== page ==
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This content will become publicly available on June 1, 2023

Title: Do Transformer Networks Improve the Discovery of Inference Rules from Text?
With their Discovery of Inference Rules from Text (DIRT) algorithm, Lin and Pantel (2001) made a seminal contribution to the field of rule acquisition from text, by adapting the distributional hypothesis of Harris (1954) to patterns that model binary relations such as X treat Y, where patterns are implemented as syntactic dependency paths. DIRT’s relevance is renewed in today’s neural era given the recent focus on interpretability in the field of natural language processing. We propose a novel take on the DIRT algorithm, where we implement the distributional hypothesis using the contextualized embeddings provided by BERT, a transformer-network-based language model (Vaswani et al., 2017; Devlin et al., 2018). In particular, we change the similarity measure between pairs of slots (i.e., the set of words matched by a pattern) from the original formula that relies on lexical items to a formula computed using contextualized embeddings. We empirically demonstrate that this new similarity method yields a better implementation of the distributional hypothesis, and this, in turn, yields patterns that outperform the original algorithm in the question answering-based evaluation proposed by Lin and Pantel (2001).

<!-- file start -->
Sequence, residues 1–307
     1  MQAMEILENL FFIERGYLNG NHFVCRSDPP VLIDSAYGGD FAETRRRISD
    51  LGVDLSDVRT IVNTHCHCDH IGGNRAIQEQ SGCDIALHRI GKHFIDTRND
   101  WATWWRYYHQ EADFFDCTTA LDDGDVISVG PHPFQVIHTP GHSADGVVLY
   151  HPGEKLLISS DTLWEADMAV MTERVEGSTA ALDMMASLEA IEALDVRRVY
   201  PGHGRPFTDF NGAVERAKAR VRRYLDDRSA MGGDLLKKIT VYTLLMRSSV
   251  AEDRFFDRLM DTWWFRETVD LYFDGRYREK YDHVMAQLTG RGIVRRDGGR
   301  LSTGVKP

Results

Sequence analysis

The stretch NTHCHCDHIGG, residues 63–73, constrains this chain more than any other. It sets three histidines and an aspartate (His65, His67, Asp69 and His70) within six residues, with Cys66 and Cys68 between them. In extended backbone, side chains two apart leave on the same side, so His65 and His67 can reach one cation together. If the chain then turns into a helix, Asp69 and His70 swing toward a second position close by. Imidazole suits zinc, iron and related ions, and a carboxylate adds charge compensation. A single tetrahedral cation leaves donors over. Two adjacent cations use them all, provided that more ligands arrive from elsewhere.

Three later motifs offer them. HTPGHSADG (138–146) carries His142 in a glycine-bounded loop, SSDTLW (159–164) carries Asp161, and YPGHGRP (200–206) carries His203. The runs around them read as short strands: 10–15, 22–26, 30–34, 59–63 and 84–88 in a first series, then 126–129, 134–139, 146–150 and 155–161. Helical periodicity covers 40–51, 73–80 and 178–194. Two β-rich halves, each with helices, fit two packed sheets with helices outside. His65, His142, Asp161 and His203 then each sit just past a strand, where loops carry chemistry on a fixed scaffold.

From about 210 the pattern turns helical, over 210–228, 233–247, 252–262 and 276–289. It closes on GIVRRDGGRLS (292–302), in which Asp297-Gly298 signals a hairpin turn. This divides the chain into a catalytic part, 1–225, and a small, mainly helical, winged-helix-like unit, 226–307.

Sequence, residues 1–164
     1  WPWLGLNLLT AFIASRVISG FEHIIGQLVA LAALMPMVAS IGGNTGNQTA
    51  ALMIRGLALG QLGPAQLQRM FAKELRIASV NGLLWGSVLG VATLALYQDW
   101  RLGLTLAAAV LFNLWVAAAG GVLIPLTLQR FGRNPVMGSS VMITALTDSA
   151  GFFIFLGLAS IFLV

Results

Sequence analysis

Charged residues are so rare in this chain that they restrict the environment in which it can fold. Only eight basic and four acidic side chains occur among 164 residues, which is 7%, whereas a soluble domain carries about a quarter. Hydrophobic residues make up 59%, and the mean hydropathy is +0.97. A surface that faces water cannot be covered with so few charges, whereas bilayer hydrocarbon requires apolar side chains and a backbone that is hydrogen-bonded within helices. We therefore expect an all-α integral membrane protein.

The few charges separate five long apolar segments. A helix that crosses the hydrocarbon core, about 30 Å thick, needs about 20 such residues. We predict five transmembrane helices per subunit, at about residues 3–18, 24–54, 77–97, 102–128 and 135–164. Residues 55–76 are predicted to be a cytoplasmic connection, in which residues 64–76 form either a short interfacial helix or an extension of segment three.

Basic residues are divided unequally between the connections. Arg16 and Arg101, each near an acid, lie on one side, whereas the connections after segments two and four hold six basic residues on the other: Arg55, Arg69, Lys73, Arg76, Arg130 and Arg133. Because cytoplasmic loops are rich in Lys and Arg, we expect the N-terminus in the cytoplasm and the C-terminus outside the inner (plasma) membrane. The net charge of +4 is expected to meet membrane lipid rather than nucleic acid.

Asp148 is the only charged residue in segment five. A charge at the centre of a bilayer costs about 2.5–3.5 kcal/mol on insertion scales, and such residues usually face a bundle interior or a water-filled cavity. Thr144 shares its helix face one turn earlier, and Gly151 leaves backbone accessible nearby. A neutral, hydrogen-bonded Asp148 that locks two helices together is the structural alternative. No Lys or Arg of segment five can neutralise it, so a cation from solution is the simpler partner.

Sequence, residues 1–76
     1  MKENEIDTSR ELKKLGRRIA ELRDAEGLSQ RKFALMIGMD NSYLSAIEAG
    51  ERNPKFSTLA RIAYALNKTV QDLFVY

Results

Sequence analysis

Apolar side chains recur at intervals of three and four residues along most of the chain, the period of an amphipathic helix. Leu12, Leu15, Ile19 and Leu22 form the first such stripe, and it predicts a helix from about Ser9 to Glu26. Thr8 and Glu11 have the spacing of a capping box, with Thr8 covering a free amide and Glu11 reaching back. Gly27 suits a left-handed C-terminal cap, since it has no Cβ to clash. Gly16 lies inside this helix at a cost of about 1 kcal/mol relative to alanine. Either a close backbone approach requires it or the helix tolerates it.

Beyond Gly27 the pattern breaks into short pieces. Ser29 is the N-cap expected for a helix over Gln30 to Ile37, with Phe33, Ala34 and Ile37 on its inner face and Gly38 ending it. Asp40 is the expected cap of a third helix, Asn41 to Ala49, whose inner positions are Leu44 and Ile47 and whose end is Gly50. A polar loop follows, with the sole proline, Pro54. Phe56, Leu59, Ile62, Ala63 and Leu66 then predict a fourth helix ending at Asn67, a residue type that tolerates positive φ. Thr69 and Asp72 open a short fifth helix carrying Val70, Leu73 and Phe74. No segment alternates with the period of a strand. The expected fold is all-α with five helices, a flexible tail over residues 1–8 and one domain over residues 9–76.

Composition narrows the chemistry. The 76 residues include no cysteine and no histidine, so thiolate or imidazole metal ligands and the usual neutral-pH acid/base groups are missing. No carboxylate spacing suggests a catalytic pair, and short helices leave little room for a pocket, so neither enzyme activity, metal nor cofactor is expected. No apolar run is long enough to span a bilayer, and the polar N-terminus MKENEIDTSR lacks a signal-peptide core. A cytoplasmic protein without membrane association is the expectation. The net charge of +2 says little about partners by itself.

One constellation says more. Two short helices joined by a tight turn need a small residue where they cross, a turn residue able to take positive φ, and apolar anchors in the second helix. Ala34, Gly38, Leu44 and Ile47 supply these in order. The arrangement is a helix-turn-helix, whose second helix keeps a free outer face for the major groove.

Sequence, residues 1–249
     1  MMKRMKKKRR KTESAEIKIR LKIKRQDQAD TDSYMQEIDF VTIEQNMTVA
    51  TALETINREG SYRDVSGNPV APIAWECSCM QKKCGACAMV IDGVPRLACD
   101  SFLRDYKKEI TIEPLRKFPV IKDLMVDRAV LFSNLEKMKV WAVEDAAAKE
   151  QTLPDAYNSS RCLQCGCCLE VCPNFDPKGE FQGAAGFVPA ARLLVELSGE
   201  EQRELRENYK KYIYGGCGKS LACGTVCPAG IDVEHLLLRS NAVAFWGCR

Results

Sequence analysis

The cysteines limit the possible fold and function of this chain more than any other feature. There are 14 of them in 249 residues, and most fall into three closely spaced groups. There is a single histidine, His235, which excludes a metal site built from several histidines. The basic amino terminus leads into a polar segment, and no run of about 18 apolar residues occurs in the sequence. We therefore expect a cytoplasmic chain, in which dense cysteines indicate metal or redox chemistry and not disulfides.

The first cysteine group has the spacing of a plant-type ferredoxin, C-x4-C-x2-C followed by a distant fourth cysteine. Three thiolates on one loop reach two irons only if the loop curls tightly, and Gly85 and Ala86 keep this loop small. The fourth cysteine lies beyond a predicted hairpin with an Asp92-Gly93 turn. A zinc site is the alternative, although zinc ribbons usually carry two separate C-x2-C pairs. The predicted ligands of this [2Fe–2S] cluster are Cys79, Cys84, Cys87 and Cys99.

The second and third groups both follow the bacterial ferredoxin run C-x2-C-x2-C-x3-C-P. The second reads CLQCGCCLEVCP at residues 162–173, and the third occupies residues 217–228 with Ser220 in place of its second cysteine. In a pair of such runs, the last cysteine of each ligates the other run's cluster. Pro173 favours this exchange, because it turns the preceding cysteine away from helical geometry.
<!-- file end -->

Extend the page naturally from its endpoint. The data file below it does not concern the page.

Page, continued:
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LREC proceedings
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National Science Foundation
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